|Battle of Dyrrhachium|
|Part of the Byzantine–Bulgarian wars|
|First Bulgarian Empire||Byzantine Empire|
|Commanders and leaders|
|Emperor Ivan †||Nicetas Pegonites|
|Casualties and losses|
The Battle of Dyrrhachium in February 1018 was a part of the Byzantine–Bulgarian wars. It happened as the Bulgarian tsar Ivan Vladislav tried to establish his power on the southeastern coast of the Adriatic Sea. He led an army against Dyrrhachium (present-day Durrës, in Albania) and besieged it, but was killed during a counterattack of the city’s defenders.
This was the final battle of the centuries long struggle between the First Bulgarian Empire and Byzantium. Within months after Vladislav’s death most of his realm was subjugated by the Byzantine emperor Basil II, with the last independent region (Sirmium) subdued in 1019.
After the battle of Kleidion and the death of tsar Samuil in 1014 the Bulgarian state was destabilized by internal turmoil. In the year that followed, tsar Gavril Radomir, Samuel’s son and heir, was killed by his cousin, Ivan Vladislav, at the instigation of the Byzantine emperor. The new Bulgarian ruler negotiated a brief peace as he promised to submit to Basil II in return for the control over Dyrrhachium. Neither side kept its promises and the war broke out again in the autumn of 1015. While Vladislav attacked Dyrrhachium, Basil II captured his capital Ohrid, but later, as a result of the Battle of Bitola, was forced to abandon it.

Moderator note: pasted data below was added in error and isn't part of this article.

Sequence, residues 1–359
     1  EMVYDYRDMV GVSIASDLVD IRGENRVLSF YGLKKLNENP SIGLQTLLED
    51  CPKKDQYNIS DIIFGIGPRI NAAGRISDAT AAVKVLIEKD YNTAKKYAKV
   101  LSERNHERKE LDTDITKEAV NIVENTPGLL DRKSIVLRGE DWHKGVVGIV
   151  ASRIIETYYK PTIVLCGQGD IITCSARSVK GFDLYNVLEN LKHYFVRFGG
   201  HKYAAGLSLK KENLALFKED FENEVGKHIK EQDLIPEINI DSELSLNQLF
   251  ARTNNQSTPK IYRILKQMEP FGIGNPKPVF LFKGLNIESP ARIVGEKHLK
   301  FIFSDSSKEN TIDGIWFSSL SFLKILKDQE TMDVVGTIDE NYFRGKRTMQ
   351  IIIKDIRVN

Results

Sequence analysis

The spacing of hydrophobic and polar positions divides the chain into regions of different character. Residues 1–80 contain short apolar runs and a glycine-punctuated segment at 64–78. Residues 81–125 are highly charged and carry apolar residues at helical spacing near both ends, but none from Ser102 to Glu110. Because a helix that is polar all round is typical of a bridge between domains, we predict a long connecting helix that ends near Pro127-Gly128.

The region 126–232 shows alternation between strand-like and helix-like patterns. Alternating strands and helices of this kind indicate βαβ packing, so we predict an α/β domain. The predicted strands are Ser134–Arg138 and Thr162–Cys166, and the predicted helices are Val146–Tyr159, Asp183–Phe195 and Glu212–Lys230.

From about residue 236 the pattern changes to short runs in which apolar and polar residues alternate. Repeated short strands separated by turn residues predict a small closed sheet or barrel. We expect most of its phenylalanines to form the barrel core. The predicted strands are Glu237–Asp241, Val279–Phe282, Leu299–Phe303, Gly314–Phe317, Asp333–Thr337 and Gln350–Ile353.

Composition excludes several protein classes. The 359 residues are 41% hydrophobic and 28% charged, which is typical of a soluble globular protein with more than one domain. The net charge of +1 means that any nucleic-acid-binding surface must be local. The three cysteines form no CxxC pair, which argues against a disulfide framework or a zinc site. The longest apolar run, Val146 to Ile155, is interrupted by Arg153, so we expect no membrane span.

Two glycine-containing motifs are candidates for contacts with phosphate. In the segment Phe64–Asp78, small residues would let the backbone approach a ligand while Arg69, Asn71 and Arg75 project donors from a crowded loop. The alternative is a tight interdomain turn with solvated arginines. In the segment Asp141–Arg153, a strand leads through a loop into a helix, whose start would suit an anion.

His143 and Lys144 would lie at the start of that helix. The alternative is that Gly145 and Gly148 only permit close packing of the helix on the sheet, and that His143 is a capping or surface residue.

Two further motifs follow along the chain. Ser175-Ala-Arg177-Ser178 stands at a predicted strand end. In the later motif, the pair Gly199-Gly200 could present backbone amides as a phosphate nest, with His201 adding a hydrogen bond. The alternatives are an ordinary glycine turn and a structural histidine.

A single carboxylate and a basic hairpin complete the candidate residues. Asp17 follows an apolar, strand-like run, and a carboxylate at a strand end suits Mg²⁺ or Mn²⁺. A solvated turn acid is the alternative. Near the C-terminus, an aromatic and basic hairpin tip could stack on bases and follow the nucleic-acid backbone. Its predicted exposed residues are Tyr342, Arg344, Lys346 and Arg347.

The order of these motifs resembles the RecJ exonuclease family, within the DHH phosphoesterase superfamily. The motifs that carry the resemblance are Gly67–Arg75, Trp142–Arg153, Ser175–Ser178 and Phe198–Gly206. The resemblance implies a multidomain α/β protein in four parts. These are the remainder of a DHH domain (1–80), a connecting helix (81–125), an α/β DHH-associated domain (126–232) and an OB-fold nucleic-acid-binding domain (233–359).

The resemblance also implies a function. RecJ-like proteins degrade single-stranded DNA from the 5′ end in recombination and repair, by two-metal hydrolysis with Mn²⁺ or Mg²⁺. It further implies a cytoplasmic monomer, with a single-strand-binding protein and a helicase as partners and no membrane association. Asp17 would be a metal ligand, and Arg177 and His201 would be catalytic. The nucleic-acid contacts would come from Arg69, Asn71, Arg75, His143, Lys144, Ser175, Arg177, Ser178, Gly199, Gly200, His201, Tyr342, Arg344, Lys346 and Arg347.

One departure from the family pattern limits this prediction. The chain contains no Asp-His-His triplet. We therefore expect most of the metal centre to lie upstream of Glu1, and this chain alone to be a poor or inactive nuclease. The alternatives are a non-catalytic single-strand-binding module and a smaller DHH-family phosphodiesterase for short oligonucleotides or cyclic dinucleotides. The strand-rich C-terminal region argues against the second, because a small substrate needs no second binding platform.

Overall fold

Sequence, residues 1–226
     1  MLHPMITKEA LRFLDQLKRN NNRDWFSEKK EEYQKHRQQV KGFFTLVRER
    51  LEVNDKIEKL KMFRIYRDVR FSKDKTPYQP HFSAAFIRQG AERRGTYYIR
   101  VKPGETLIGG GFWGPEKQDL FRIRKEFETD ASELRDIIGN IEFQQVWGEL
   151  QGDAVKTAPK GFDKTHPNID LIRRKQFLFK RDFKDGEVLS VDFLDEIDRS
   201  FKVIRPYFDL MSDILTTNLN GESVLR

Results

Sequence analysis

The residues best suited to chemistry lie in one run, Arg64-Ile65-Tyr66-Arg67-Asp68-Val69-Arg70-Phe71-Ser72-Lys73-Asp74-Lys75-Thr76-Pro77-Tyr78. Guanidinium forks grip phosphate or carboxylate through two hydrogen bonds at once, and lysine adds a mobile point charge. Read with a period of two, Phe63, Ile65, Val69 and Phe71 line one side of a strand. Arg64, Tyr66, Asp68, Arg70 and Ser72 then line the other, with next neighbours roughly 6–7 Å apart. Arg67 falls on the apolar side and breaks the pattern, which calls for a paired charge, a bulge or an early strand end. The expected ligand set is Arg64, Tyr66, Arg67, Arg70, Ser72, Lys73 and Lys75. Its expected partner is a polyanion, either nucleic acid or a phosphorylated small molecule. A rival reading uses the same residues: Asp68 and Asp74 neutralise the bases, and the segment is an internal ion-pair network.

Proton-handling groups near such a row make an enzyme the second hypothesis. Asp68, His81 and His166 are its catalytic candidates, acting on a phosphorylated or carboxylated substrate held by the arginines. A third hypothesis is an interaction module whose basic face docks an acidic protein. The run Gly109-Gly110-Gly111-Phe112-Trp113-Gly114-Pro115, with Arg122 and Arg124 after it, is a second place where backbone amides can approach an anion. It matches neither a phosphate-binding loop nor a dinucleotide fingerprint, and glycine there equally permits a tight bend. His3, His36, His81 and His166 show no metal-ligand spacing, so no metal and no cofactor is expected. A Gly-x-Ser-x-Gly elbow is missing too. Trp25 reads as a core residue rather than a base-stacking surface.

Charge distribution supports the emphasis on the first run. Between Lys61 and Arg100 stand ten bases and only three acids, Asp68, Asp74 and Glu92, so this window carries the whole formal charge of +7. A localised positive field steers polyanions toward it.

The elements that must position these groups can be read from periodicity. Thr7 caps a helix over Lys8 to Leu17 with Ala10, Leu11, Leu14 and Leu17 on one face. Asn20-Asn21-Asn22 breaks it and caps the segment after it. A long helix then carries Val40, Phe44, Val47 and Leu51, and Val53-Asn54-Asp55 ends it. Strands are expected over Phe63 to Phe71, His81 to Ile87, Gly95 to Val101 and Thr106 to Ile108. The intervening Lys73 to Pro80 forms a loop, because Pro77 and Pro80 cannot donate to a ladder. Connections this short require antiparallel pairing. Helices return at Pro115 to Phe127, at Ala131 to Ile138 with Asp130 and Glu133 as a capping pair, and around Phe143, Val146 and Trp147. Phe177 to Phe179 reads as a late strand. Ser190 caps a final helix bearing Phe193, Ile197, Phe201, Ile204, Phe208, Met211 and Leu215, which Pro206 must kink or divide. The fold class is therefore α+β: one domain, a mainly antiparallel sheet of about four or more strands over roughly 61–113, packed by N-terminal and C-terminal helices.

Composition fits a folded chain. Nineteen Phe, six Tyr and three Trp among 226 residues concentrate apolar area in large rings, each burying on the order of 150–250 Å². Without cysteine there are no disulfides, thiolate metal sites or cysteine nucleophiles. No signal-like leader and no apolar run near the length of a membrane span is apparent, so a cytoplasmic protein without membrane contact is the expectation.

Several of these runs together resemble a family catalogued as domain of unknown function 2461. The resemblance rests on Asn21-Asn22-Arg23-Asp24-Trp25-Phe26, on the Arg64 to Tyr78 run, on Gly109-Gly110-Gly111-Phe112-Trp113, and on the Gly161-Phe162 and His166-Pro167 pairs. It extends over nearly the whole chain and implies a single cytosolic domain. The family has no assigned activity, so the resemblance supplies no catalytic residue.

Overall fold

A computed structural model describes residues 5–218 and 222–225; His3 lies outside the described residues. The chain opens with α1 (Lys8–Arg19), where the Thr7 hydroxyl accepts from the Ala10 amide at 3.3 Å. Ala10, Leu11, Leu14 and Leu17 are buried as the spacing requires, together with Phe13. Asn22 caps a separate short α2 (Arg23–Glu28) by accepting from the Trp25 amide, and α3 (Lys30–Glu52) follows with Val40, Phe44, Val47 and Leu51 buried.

The war continued for two more years without a decisive outcome. In 1017 Basil defeated the Bulgarians at Setina, near Edessa, but failed to exploit his victory and returned to Constantinople. Vladislav took advantage of this to launch another assault against Dyrrhachium, which was defended by the strategus Nicetas Pegonites. In the battle that ensued after a sortie of the garrison the Bulgarian tsar was killed and his troops were forced to retreat.
This event prompted the majority of the Bulgarian nobles (boyars) to surrender to Basil. The isolated resistance was suppressed and Bulgaria became a Byzantine province.